North Kingstown Police Captain John Urban had been a school resource officer at the high school in 2007 and ran the law enforcement club. He declined to comment about the ongoing investigation, but said he was not involved.
As for his time at the high school, Urban said in an email to the Globe, “As a matter of general practice, as the school resource officer if I had ever saw or heard of anything that could affect the safety or wellbeing of students, it would’ve been appropriately investigated and reported to school administrators.”
For some of the former athletes, the controversy has brought them together and helped them understand what happened. “A lot of my old friends are connecting, and it’s made us stronger,” one of the men said. “We’re a lot more open in talking about it and being honest that it did make us uncomfortable.”
The attorney general’s office and North Kingstown police are conducting a criminal investigation into Thomas, federal civil rights prosecutors are digging into the school department, the independent investigator for the school committee is submitting a deeper report later this month about Thomas’ actions, and a retired Superior Court judge has begun to review the findings from all on behalf of the town council.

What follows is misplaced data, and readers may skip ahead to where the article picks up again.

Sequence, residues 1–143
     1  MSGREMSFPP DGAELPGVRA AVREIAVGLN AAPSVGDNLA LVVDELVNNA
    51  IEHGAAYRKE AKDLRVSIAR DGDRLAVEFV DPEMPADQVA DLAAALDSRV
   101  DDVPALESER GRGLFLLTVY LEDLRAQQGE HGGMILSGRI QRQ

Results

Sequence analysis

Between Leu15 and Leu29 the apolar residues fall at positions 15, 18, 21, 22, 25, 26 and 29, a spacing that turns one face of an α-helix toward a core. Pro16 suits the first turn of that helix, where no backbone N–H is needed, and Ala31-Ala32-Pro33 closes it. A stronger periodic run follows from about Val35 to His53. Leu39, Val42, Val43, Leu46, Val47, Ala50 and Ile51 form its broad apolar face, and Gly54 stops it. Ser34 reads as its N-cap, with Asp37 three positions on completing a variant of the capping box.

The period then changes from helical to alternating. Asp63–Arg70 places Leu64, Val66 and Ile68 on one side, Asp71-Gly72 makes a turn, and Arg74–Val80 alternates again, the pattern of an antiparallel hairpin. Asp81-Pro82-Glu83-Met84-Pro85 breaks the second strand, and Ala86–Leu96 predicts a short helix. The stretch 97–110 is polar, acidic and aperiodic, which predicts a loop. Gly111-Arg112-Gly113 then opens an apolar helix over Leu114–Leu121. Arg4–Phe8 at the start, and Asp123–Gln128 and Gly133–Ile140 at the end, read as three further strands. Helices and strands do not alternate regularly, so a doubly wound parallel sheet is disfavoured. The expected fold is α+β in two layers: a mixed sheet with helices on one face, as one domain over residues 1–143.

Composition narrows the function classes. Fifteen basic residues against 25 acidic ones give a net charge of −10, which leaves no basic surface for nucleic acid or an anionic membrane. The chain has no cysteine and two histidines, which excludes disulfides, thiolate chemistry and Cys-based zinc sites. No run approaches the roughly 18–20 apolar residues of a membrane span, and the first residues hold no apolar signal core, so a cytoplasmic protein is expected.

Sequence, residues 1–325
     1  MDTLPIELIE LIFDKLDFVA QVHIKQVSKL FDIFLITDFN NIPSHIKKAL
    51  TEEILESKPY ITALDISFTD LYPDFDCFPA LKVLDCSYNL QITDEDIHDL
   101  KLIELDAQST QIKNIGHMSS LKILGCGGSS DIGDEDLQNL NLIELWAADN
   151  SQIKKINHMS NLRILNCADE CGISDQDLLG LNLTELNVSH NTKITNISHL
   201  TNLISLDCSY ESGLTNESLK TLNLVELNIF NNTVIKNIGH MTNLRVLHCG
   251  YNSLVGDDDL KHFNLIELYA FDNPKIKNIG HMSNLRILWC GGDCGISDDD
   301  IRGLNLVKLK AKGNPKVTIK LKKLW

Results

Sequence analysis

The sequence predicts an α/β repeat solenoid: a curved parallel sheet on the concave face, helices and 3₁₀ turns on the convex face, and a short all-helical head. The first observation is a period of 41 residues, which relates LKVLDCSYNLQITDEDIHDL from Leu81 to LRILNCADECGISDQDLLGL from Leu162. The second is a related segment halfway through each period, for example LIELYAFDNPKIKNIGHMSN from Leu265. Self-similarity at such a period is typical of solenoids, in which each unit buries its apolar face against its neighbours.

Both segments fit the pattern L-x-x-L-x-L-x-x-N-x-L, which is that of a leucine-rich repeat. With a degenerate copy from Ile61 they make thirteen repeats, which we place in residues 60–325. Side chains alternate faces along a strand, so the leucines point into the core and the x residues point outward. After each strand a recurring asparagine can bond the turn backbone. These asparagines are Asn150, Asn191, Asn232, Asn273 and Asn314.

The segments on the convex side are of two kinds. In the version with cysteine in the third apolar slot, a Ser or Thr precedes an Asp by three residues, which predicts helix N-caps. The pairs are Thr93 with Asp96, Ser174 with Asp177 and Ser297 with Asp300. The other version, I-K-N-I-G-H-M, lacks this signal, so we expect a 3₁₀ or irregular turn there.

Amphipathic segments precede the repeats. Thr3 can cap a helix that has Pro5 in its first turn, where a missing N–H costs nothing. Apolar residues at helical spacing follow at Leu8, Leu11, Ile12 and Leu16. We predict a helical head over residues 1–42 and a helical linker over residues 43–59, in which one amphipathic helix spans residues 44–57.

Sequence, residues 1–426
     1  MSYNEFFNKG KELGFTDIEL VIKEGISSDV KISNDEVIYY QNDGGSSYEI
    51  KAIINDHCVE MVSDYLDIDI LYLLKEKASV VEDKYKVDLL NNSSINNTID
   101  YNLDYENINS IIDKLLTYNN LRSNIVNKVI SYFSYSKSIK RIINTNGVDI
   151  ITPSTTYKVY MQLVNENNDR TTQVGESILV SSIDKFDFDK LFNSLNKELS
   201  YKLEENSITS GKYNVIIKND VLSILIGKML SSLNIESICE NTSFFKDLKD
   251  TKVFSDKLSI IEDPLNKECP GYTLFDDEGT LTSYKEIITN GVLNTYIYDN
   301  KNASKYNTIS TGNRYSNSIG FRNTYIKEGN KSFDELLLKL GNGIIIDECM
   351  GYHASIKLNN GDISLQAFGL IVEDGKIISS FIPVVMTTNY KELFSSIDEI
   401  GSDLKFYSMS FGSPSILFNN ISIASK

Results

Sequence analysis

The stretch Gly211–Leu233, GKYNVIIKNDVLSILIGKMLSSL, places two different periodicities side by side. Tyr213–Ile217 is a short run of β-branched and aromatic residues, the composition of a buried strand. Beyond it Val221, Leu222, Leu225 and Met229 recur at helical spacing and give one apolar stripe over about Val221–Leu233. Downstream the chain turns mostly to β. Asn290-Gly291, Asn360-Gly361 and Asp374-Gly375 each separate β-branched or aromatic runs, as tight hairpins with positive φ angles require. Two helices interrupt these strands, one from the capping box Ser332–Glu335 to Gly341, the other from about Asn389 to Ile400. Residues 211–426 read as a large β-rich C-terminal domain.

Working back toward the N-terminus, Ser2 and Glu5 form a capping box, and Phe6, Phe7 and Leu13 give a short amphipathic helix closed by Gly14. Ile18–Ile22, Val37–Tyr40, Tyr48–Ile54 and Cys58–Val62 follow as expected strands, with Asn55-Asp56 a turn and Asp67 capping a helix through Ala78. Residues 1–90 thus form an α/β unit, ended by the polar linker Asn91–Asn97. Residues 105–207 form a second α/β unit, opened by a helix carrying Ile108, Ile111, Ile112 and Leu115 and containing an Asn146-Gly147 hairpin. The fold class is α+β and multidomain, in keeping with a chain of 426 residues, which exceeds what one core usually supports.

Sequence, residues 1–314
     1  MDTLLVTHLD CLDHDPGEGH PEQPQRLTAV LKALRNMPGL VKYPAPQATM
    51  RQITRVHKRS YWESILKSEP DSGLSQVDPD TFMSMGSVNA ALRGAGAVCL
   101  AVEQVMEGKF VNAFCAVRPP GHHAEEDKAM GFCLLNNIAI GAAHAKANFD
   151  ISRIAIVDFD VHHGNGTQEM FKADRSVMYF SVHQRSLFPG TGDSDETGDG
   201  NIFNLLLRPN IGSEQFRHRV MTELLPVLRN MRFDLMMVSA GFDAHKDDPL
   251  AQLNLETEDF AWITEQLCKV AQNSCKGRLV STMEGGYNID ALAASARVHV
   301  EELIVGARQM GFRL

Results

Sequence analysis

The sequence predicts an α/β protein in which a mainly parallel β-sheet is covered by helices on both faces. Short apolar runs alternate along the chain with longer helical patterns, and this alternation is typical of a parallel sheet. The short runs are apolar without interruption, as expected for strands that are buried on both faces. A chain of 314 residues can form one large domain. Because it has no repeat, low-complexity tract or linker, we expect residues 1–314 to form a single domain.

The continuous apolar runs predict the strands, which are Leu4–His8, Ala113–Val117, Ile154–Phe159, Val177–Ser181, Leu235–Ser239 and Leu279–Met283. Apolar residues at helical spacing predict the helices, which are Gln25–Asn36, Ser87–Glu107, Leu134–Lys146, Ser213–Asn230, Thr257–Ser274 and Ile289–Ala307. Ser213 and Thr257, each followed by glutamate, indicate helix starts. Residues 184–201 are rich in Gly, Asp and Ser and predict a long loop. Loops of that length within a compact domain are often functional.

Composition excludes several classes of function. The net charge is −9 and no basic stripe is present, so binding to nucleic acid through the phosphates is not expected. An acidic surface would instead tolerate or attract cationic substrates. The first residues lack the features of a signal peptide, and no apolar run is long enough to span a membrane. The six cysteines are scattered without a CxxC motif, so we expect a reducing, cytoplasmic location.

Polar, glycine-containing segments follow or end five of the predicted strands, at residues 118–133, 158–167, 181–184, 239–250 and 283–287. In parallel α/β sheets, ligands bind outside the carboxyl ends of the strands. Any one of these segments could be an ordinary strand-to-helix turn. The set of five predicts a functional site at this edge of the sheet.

Town Council President Greg Mancini said he’s confident that the facts will come, but he’s concerned that the results may end up dividing the community. Some may not believe what the reports find and demand changes in the school, he said.
“But, the concern to me, first, is the kids in community, to make sure that they are being taken care of, that kids with issues come forward. That’s the second issue for me, the third issue for me,” Mancini said. “After that I certainly want to know, the community wants to know, what happened.”